Speaking to his brother Jesuits in Lithuania last month, Pope Francis solicited their support in moving forward the work of the Vatican II. Source: Crux.
“I believe the Lord wants a change in the Church,” he told 28 Jesuits during a private meeting during his trip to the Baltics. “I have said many times that a perversion of the Church today is clericalism … I know that the Lord wants the Council to make headway in the Church.”
“Historians tell us that it takes 100 years for a Council to be applied,” he added. “We are halfway there. So, if you want to help me, do whatever it takes to move the Council forward in the Church.”
The Pope’s remarks were published in full yesterday by the Vatican-vetted Jesuit journal La Civiltà Cattolica.
Among the other topics the Pope addressed were concerns of vocational burnout by Jesuit priests, the need for ongoing ecumenical dialogue, the importance of Jesuit education, and how the sacrament of confession must be marked by mercy.
Lithuanian Archbishop Lionginas Virbalas of Kaunas told Francis that the province had dwindled from over 1,000 members to just over 30 and will soon merge into a larger, singular province with Austria, Germany, Switzerland, and Hungary. Consequentially, some of the Jesuits now take on three to four jobs to support the work of the Society.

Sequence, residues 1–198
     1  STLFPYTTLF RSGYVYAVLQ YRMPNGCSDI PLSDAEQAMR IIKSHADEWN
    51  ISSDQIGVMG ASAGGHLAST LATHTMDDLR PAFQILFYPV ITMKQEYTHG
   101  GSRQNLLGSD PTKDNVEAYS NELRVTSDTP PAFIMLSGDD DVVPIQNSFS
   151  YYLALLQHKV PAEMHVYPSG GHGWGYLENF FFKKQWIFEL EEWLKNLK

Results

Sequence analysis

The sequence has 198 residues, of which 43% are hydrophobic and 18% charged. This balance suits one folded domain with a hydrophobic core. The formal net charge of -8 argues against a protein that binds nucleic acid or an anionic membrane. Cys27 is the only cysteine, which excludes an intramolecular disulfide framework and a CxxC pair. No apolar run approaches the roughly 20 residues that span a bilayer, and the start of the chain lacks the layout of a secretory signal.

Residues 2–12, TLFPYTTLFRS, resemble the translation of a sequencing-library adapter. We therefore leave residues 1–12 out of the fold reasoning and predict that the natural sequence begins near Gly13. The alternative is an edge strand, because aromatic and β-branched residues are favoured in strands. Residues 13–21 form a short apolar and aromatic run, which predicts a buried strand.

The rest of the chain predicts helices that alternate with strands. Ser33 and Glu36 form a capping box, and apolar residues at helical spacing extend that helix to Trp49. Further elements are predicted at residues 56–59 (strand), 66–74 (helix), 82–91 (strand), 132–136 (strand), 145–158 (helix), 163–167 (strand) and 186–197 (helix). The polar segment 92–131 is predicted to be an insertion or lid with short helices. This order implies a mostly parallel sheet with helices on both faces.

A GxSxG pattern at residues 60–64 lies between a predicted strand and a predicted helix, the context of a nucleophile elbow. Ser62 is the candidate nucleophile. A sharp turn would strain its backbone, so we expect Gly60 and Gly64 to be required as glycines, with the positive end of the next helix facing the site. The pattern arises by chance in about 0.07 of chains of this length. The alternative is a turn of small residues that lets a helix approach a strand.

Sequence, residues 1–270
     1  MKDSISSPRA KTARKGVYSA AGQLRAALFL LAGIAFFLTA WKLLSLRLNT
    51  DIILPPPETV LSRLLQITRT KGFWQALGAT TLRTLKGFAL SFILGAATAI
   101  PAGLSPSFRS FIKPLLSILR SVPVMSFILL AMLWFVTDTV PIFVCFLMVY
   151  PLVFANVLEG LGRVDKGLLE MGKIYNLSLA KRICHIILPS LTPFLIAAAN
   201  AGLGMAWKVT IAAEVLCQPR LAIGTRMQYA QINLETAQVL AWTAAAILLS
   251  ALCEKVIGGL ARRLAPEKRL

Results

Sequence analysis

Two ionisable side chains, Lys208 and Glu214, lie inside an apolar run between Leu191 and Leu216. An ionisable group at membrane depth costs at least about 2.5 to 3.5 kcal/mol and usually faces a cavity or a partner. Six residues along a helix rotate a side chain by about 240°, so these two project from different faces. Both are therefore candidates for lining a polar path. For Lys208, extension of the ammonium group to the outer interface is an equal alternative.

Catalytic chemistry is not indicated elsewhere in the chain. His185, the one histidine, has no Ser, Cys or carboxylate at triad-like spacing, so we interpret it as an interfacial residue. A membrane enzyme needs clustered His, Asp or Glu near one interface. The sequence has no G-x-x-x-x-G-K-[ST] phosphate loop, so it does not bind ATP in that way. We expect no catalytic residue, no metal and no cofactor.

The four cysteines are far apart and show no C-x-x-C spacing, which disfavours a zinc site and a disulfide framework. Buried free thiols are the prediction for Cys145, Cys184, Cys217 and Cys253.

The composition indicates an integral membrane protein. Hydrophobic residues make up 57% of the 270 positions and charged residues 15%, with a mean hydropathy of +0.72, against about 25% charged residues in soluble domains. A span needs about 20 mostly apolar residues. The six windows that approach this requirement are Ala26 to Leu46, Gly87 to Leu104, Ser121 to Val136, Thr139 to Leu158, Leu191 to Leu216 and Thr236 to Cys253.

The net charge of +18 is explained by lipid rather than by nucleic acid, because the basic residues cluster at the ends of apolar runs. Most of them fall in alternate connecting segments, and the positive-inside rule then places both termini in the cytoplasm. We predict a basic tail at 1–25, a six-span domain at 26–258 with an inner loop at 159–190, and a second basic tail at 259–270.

The Pope encouraged the Jesuits not to neglect their spiritual and physical health, warning, “the evil spirit does lead us to a sort of ‘not-working-enough complex’.”
He then went on to urge attention to pastoral care, particularly among those suffering in a region still recovering from its past Nazi and Soviet occupation.
“I advise you not to be afraid of descending into the hell of the people,” he pleaded. “Sometimes, this means entering the field of the devil. But suffering, be it human, social, that of the conscience … we need to go down into hell, we need to be there. Touch the wounds. And touching people’s wounds, you touch the wounds of Christ. The Jesuit should never be afraid of this.”